"What's going on?" Lemaire quipped. "They have a seat out for me today. Usually I'm standing -- is something happening?"
All joking aside, when a team trades for a player with the resume of Kovalchuk, a five-time 40-goal scorer, it's pretty big news and Lemaire knows that.
"We feel good (as an organization)," Lemaire said. "He's a guy who can change any game. A player that can make other players score. He's a strong athlete, a good skater with a great shot. There's no doubt he'll make this team better.
"I always talked a lot about having one line that's a threat when they're on the ice. I think we'll be able to get two, which is good, because that's like many other teams."
For Kovalchuk, the opportunity to play for a team that has already won three Stanley Cups in its history is something he relishes.
"I'm very excited because it's the first time in my career I have a chance to play for the first-class organization -- a team that won three Stanley Cups," Kovalchuk said following his first practice with his new teammates. "When I look around the locker room and see guys like Martin Brodeur, legends of this game, it's exciting."
"I'm very excited because it's the first time in my career I have a chance to play for the first-class organization -- a team that won three Stanley Cups. When I look around the locker room and see guys like Martin Brodeur, legends of this game, it's exciting." -- Ilya Kovalchuk
In case you were asleep at the switch Thursday evening, Devils GM Lou Lamoriello was the official winner of the Kovalchuk sweepstakes when he acquired the 6-foot-2, 230-pound winger, along with defenseman Anssi Salmela, from the Atlanta Thrashers in exchange for right wing Niclas Bergfors, defenseman Johnny Oduya, junior prospect Patrice Cormier and a 2010 first-round pick this June. The teams also swapped 2010 second-round picks.
Lemaire was asked if Kovalchuk, who is a minus-84 in seven-plus seasons in the League, would have to change anything about his game in attempt to conform to his style of coaching.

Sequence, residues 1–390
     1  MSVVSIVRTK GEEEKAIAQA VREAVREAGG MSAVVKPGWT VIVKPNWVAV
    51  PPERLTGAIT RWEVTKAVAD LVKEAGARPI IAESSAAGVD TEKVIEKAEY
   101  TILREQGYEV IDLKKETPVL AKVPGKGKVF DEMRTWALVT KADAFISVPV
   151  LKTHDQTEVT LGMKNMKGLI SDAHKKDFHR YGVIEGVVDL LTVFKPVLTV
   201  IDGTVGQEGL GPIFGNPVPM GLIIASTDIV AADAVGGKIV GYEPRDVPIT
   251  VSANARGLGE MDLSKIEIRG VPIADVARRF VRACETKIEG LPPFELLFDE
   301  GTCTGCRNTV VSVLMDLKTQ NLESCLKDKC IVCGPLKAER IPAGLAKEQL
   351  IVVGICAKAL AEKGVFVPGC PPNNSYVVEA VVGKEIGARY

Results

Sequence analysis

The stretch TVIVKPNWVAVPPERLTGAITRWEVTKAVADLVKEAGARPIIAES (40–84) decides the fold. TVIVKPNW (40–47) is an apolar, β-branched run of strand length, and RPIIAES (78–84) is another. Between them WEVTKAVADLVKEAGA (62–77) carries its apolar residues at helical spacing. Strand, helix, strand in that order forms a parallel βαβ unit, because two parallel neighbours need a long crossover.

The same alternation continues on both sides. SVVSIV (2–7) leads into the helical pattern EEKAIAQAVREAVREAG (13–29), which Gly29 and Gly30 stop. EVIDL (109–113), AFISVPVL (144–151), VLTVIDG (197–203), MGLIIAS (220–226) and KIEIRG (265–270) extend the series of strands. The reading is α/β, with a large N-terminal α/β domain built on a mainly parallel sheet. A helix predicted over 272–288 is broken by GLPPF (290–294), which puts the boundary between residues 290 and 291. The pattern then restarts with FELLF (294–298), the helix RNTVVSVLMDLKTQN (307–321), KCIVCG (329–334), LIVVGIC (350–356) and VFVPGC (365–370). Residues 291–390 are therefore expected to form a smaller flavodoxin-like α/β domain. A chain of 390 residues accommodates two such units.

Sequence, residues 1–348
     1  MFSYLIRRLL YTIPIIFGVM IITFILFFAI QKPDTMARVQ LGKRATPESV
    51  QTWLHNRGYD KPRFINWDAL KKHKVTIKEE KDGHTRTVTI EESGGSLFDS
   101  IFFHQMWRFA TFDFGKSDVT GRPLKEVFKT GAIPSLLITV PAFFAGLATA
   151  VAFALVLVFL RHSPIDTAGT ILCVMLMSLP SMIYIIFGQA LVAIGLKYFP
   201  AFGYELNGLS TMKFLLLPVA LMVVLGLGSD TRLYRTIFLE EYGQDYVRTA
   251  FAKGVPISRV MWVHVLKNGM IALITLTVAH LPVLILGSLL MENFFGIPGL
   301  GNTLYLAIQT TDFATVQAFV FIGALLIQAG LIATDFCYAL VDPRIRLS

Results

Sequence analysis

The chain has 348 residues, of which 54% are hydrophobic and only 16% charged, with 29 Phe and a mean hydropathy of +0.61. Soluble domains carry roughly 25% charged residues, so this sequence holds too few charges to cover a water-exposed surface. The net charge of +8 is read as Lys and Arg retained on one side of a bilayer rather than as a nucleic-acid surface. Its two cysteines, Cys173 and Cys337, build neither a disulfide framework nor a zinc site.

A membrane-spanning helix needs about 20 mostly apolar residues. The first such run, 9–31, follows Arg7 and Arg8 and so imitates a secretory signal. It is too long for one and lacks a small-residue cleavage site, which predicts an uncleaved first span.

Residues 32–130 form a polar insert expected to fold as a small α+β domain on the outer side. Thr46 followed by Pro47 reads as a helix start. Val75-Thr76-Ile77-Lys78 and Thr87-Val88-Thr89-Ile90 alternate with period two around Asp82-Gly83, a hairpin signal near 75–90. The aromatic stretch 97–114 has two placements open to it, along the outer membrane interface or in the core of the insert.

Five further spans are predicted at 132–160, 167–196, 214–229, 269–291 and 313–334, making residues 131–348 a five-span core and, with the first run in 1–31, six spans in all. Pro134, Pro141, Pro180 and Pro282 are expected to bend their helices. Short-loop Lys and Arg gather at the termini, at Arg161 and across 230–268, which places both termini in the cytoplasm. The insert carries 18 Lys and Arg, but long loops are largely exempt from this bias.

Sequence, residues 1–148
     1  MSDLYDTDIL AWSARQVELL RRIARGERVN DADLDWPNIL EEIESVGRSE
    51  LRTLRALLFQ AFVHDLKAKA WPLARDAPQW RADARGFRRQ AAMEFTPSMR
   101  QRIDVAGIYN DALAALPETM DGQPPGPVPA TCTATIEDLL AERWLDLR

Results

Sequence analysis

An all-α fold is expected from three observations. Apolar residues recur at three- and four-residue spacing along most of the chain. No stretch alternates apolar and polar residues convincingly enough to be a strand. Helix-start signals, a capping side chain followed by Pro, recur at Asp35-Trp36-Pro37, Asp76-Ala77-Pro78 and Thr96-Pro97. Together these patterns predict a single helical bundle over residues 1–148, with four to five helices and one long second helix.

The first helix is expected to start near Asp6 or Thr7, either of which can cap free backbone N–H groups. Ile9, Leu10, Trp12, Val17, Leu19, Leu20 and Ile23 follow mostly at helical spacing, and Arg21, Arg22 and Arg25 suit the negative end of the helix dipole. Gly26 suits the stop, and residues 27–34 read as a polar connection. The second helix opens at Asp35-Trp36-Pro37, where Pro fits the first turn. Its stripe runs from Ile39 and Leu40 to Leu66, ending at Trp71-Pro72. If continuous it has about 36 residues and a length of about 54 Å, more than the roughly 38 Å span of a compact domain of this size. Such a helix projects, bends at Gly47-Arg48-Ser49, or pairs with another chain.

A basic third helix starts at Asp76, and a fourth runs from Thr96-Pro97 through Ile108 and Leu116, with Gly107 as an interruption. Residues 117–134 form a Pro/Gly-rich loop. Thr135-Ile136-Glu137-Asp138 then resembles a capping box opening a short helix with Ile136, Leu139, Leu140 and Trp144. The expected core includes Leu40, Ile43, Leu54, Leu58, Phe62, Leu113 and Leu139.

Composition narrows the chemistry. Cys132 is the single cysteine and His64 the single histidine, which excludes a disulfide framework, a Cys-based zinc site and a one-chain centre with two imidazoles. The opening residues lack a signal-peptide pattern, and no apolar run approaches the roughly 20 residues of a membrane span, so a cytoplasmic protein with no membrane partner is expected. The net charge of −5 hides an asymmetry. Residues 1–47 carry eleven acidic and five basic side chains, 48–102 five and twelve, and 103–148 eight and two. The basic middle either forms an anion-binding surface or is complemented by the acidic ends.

"Maybe one thing," Lemaire said before pausing. "When he gets in our end, he will have to stop -- that's all. The rest he can do anything he wants."
That's certainly music to the ears of Kovalchuk, a goal-scoring machine, who has notched 328 goals and 615 points in 594 career games -- all with Atlanta.
"I just try to play my game," Kovalchuk said. "I try to step on the ice, play my hardest and try to help team win. There are a lot of great players on this team and it's a great system here. I talked to coaches and they know what they're doing and it's exciting so I'm really looking forward to (playing) and having opportunity to do some damage in the playoffs."
He's also hoping that he has a little more success against Toronto starting goalie Jonas Gustavsson on Friday than he had in practice against Brodeur.
"Yeah, I tried to score against him today (in practice), but didn't have any luck," Kovalchuk said with a smile. "I'll save them for tonight I guess."
When told that Brodeur informed the media that he'll now be able to scout Kovalchuk even more in preparation for the 2010 Olympics, Kovalchuk smiled.
"That's OK," Kovalchuk said. "We got a lot of guys who can score goals in the Olympics and he should scout all of them -- I'll help him with that."
While the acquisition of Kovalchuk is certainly a boon to a New Jersey offense that has connected for only 15 goals in its last 10 games, Lemaire also stressed the importance of making certain his newest offensive weapon is in sync with his teammates.
"Chemistry is important with any player," Lemaire said. "Maybe you have one or two players in the League that can do some of it on their own, but they wouldn't be the same player. Alex Ovechkin is an example -- a lot of things he does on his own but if he didn't have the guys that play and complement him he would be still good but not as good.
"That's what I'm saying about Kovy," Lemaire continued. "He's a great player. He can do some things on his own, but if he has the right player with him to complement him well like moving the puck at the right time and a good shooter, that will make him as good as he can be."
Langenbrunner doesn't believe Kovalchuk will have to change his game as much as people might think.
"You bring in certain players because of who they are and not to change them," Langenbrunner told NHL.com. "We play a system here that everyone is expected to play so I don't see that being an issue. He's going to bring things that he does to the game that not a lot of other people can and that's why you bring in a guy like that."
"The perception of him is that he wheels and deals, but I'm sure he will adjust and people will see the other side of him," Zubrus said. "It's only going to make him better and a more complete player than he is already."
Contact Mike Morreale at firstname.lastname@example.org